Today, we're very excited to announce another great enhancement on the Phish.net site. Recently, as some of you net-savvy folks may be aware, we've had several outages with our blog. Our blog
is was hosted over at Tumblr, a startup microblogging service. We've enjoyed partnering with Tumblr, they have an awesome and simple interface and a lot of great ideas, but a combination of factors including flaky reliability and lack of integration ultimately led to the decision to bring our blog in house. So, today, we're unveiling our new blog.
You will now be able to comment on our blog entries using your Phish.net account. Your profile will track your blog comments just like your other comments on the site. And, perhaps most importantly, the experience will be consistent throughout phish.net.
For a limited time, the blog archive will be available at phishnet.tumblr.com. Our goal is to import those entries into our blog here and eventually, phase out the old archive.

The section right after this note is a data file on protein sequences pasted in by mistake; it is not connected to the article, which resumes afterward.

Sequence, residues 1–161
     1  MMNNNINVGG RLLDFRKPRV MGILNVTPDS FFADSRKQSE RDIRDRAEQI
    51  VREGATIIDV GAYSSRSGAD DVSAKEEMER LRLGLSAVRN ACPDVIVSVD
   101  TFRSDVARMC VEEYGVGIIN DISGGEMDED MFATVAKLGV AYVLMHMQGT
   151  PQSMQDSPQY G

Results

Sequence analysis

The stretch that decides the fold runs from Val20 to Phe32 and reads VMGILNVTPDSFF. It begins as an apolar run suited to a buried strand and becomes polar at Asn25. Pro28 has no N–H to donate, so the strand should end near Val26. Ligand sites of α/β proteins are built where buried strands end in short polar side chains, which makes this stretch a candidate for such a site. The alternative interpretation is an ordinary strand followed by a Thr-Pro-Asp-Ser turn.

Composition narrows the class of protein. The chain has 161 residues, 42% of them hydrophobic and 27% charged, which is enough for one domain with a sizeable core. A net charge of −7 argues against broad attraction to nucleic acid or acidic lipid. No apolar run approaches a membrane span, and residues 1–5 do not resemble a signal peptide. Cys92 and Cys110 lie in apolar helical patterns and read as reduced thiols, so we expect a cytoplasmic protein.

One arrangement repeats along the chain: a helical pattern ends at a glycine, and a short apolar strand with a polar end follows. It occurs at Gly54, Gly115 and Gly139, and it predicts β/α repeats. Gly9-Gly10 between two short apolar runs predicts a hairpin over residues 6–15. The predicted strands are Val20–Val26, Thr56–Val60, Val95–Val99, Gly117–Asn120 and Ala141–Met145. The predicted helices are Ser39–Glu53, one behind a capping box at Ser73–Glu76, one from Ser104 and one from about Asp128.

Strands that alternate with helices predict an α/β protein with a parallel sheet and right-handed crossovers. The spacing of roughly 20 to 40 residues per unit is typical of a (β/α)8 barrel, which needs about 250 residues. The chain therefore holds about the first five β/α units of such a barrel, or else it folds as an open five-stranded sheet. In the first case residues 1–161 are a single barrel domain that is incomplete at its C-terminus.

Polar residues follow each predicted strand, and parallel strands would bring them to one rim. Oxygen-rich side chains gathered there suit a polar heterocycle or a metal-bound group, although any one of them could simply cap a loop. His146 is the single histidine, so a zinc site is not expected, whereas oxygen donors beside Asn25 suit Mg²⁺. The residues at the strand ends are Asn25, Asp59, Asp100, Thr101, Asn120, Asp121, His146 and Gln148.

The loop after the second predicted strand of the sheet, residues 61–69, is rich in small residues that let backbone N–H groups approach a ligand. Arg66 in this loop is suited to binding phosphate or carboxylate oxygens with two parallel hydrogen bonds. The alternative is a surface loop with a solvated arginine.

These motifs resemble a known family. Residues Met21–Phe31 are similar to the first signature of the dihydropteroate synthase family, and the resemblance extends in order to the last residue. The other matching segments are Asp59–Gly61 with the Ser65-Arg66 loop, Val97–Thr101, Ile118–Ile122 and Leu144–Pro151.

Don't worry, none of your favorite features are going away! We'll still post images, videos, and our weekly Mystery Jam, as well as feature articles by the Phish.net staff.
If you liked this blog post, one way you could "like" it is to make a donation to The Mockingbird Foundation, the sponsor of Phish.net. Support music education for children, and you just might change the world.
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October 21, 1995
22 years ago
Encore: Highway to Hell
 No whistling.
Phish.net is a non-commercial project run by Phish fans and for Phish fans under the auspices of the all-volunteer, non-profit Mockingbird Foundation.
This project serves to compile, preserve, and protect encyclopedic information about Phish and their music.
The Mockingbird Foundation is a non-profit organization founded by Phish fans in 1996 to generate charitable proceeds from the Phish community.
And since we're entirely volunteer – with no office, salaries, or paid staff – administrative costs are less than 2% of revenues! So far, we've distributed over $1,000,000 to support music education for children – hundreds of grants in all 50 states, with more on the way.